Providence-native Victoria Rodriguez is the true definition of a community advocate. She doesn’t just talk the talk. Her work in Rhode Island includes efforts in immigration rights, the battle against poverty, food justice, and the foster system. However, many of you have not yet heard her name. This is because Victoria is not one to brag. – By Jess Evora
I met Victoria at the Speak It Into Existence Open Mic in Pawtucket, RI. The host, Akeem Lloyd allowed everyone in the audience the opportunity to share a little bit about themselves. When Victoria stood up, she quickly listed off all the amazing work she is doing in the community. She said it in such a humble manner. I couldn’t believe it. Why had I not heard of her?
After just one conversation with her, I quickly realized that Victoria is extremely focused on producing quality work, work that speaks for itself within the Rhode Island community.
I feel so fortunate that she was willing to share her story with us.
“I learned early on not to let people tell me where to fit into their story,” said Victoria. She had no choice but to learn early. Life came at her pretty fast.
Victoria is a proud first-generation Azorian and Guatemalan woman. She was first raised in the Shipyard area of Providence, but then moved to the South side of Providence (Broad St.). She would go on to move homes a total of 4 times before the age of 10, eventually landing in Coventry, RI. She changed schools more often than she changed her address.
“My mom is a public educator. I was first in a school that didn’t have a lot of diversity, so my Mom moved me to make sure I was surrounded by diversity.” Victoria said. “This meant that I went from being the ‘token Latina’ in one school, to a school that was actually very diverse, one in which I was viewed as ‘White-passing’.”
“I really never fit in anywhere,” Victoria said. “And I continue to be the odd ball out in my life. I’m still navigating that.”
“But as I’ve grown up, I’ve learned that you really have to depend on your chosen family,” Victoria said. “Once I realized that, I felt freedom. I liberated myself by developed realistic expectations of the people around me.”
NAVIGATING HER CULTURAL IDENTITY
Victoria’s mother is Portuguese. Her father is Guatemalan. Victoria is proud of both aspects of her identity. Her mother raised her, and wanted to make sure that Victoria grew up knowing her Guatemalan heritage.
“My mom did a good job of cooking Guatemalan food, and playing Guatemalan music,” Victoria said. “She even took me to Guatemala.”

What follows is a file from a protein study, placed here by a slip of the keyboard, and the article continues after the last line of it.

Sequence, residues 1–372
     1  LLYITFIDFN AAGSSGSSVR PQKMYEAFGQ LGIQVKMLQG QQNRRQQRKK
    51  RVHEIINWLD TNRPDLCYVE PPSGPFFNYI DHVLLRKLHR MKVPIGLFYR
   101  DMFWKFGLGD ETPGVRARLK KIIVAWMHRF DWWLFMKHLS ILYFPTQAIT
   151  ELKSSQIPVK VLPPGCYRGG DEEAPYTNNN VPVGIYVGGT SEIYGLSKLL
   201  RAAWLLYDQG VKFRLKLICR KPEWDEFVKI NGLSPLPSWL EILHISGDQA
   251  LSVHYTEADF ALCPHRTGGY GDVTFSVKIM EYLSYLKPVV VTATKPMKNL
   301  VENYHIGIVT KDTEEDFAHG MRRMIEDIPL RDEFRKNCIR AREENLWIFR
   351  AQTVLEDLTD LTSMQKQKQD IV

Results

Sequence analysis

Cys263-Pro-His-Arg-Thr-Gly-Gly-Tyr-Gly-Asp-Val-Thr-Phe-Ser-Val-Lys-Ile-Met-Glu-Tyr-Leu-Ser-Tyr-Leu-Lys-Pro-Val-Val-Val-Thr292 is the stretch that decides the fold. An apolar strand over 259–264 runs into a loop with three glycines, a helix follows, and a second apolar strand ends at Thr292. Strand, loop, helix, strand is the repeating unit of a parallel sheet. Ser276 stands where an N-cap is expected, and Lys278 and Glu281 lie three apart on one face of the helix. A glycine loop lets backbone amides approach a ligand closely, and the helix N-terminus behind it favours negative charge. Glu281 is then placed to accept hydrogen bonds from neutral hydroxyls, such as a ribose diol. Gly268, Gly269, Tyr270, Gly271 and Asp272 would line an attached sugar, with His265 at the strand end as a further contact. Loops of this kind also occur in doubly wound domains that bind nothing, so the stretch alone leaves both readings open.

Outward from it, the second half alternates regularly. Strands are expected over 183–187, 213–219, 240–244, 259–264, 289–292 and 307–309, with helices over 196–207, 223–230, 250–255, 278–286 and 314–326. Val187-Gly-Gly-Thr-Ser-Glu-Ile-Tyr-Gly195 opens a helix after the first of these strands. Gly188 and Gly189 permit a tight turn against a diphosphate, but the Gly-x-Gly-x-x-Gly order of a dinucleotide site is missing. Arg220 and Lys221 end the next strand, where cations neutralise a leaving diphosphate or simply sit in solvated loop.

Victoria was certainly not alone as a member of the large LatinX community in Rhode Island. However, those of Puerto Rican and Dominican descent served as the majority at her school. Therefore, Victoria was used to being the minority among her peers. Nonetheless, she always understood the privilege that comes with her identity.
Navigating Her Understanding of The World
Victoria was still a bit lost internally when she enrolled as a first-year student at Albertus Magnus College in Hartford, CT. “Things changed a lot for the better once I got there,” She said.
“The professors there were brilliant, caring people,” Victoria said. “We had less than 2,000 people on entire campus, and it was predominantly people of color.”
“I decided to study Sociology and I am so glad I did,” Victoria said. “If I didn’t find sociology, I would not have survived. It helped explain so much of what is going on in society. Sociology was therapy for me.”
“Sociology literally helped me understand what I’ve been through and what others have been through. That’s when I really learned about this country.”
Beginning Her Work Within the Community
Victoria graduated from Albertus Magus in 2013, and returned to Rhode Island to help her family.
“My first job out of college was within outreach at Tides Family Services,” Victoria said. “I remember thinking, ‘I’m going to save the world. No one is going to feel alone’.”
“Youth are some of the biggest victims of abuse in this country, and Rhode Island has the 2nd highest rate of state foster care in the system. I wanted these children to know, ‘Hey I got you’,” Victoria said. “I decided I was going to make a space for them to find their voice.”
“So, I came in with guns blazing,” Victoria said. “The purpose of my job was to keep families together. Our job was 24/7, 7-days a week. We covered all of Providence and surrounding areas. This was intense frontline work with case loads of 70 people.”